Researchers can’t always tell exactly why something works but they can evaluate the outcome

– Read more on ScientificAmerican.com

Continue reading

Posted in STEM News |

SpaceX Launches Test Satellites for Internet Constellation

The launch also marked the company’s first attempt to recover and reuse the fairing of its Falcon 9 rocket

– Read more on ScientificAmerican.com

Continue reading

Posted in STEM News |

What Is "Normal," Anyway?

In psychology and psychiatry, it really means "average" or "typical," but we too easily think of it as a synonym for "how everyone is supposed to think and feel"

– Read more on ScientificAmerican.com

Continue reading

Posted in STEM News |

This Is What the Race Gap in Academia Looks Like

Data visualization highlights a problematic pattern in fields associated with intrinsic genius

– Read more on ScientificAmerican.com

Continue reading

Posted in STEM News |

Science at the 2018 Winter Olympics

Discover the physics of snowboarding, curling and skating, get inside the minds of athletes, and explore all things Olympics

– Read more on ScientificAmerican.com

Continue reading

Posted in STEM News |

The Science of Diet & Exercise

For decades, experts reduced weight loss to simple math: burn more calories than you consume, without too much regard for what you consumed. Another old maxim presupposes that people who are more…

– Read more on ScientificAmerican.com

Continue reading

Posted in STEM News |

Readers Respond to the October 2017 Issue

Letters to the editor from the October 2017 issue of Scientific American

– Read more on ScientificAmerican.com

Continue reading

Posted in STEM News |

Photographing a Lunar Eclipse in 1960 Took More Than a Snap

Diagrams from the Scientific American archive document a feat of citizen science

– Read more on ScientificAmerican.com

Continue reading

Posted in STEM News |

Roots of Unity Turns 5

Happy birthday, dear blog!

– Read more on ScientificAmerican.com

Continue reading

Posted in STEM News |

Readers Respond to the September 2017 Issue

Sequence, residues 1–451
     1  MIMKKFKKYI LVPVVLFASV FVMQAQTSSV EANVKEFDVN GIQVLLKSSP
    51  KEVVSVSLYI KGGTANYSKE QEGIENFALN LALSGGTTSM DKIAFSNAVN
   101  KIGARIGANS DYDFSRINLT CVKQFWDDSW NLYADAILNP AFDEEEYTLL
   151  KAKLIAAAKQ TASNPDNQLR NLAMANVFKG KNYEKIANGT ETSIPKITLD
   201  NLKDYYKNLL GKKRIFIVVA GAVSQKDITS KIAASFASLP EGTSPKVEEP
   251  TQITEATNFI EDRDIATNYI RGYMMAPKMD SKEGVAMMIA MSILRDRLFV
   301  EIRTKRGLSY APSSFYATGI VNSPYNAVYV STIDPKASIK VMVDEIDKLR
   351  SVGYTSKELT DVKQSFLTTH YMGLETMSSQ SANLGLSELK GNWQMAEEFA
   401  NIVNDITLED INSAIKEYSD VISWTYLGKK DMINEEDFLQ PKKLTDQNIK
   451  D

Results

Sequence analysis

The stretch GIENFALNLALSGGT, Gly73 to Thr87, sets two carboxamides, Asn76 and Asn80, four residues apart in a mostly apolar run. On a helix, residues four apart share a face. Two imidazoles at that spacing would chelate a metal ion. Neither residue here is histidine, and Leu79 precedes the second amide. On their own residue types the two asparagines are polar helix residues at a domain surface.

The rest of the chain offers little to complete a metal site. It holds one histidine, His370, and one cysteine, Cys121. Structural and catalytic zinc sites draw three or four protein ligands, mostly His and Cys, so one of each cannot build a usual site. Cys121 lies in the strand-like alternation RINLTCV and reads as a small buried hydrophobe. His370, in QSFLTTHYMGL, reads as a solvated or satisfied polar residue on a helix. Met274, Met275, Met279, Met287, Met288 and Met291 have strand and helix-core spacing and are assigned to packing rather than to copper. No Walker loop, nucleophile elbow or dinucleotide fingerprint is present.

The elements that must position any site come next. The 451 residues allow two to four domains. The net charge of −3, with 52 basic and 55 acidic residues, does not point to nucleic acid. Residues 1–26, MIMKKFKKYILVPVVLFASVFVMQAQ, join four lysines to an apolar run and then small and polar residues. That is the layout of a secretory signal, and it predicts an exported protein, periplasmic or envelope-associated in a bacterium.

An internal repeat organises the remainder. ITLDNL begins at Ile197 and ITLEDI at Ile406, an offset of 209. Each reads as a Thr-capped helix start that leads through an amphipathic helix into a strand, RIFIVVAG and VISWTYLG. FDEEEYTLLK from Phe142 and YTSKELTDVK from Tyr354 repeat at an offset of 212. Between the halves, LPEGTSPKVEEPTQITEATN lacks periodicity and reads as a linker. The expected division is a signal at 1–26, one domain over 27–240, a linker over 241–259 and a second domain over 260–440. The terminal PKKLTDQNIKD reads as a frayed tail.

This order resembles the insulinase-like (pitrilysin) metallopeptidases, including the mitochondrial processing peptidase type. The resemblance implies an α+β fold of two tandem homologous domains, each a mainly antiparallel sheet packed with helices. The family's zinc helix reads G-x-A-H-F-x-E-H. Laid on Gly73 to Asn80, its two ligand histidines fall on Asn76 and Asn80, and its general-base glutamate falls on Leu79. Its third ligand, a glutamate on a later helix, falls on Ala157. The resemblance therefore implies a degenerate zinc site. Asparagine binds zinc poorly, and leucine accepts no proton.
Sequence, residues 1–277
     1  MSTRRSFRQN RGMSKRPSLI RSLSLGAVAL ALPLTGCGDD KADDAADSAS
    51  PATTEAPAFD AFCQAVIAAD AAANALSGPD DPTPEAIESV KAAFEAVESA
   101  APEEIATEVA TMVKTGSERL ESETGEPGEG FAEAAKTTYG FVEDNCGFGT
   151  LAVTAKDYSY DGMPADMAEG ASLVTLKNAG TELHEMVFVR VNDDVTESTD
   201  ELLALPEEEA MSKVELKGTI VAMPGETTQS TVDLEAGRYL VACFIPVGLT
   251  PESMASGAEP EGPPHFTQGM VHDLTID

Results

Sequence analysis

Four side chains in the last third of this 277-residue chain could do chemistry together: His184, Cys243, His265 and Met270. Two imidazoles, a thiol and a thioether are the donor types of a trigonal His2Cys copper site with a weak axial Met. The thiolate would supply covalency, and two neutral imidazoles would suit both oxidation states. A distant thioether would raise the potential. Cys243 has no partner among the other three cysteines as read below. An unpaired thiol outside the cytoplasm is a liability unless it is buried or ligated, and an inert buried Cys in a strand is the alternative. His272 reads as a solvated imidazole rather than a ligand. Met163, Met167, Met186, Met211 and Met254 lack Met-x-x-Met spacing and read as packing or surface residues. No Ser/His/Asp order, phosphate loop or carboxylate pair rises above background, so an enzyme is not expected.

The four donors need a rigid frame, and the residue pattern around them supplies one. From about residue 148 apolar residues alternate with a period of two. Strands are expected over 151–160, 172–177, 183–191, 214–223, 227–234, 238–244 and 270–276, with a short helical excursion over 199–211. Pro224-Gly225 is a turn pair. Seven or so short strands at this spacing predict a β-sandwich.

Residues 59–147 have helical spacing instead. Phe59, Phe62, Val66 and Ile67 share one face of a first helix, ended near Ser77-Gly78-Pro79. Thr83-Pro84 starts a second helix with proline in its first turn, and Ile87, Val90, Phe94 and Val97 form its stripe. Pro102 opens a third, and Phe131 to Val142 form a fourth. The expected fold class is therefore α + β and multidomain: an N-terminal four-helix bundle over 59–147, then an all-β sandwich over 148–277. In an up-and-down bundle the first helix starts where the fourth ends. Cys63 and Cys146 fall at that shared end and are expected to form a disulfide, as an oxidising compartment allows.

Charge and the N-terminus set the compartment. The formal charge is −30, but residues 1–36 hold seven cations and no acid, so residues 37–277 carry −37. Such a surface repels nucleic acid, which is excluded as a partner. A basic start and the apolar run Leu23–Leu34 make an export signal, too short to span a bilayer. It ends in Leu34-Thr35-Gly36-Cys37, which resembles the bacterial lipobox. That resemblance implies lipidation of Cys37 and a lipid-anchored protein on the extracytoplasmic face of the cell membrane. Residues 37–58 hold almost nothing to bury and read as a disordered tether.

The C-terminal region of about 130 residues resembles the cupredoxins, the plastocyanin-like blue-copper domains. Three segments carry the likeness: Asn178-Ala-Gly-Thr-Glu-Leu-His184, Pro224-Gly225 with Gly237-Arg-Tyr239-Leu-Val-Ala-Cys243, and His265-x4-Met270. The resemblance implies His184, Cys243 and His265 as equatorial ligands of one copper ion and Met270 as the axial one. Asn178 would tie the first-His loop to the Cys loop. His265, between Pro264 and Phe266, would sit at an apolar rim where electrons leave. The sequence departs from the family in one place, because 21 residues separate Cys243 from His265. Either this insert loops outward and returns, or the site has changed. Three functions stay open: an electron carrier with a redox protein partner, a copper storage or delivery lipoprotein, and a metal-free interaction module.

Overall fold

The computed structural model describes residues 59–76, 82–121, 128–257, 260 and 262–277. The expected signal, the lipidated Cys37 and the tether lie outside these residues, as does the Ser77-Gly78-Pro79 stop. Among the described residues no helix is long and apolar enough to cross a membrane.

Letters to the editor from the September 2017 issue of Scientific American

– Read more on ScientificAmerican.com

Continue reading

Posted in STEM News |

Unlocking Happiness

Abraham Lincoln said that people “are usually about as happy as they make up their minds to be," but it may be more accurate to say "as they train their minds to be." Stress…

– Read more on ScientificAmerican.com

Continue reading

Posted in STEM News |

Looking Back at the Year in Science

Our editors recap some of the most notable science stories of 2017. Check out https://www.scientificamerican.com/article/the-top-10-science-stories-of-2017/

– Read more on ScientificAmerican.com

Continue reading

Posted in STEM News |

In Silico Flurries

Computing a world of snowflakes

– Read more on ScientificAmerican.com

Continue reading

Posted in STEM News |

The Future of Money

– Read more on ScientificAmerican.com

Continue reading

Posted in STEM News |

EDUCATIONAL ATTIRE:

This one may be in a class of its own. Curiscope’s Virtuali-Tee is a T-shirt with what looks to be a pixelated image of a human rib cage. The T-shirt comes to life when viewed through an iOS or…

– Read more on ScientificAmerican.com

Continue reading

Posted in STEM News |

COOKING WITH SCIENCE:

PolyScience Culinary’s Smoking Gun Pro is a pistol-like device that uses a flame and a small fan to produce a steady stream of “cold” smoke infused with the fragrance of wood chips,…

– Read more on ScientificAmerican.com

Continue reading

Posted in STEM News |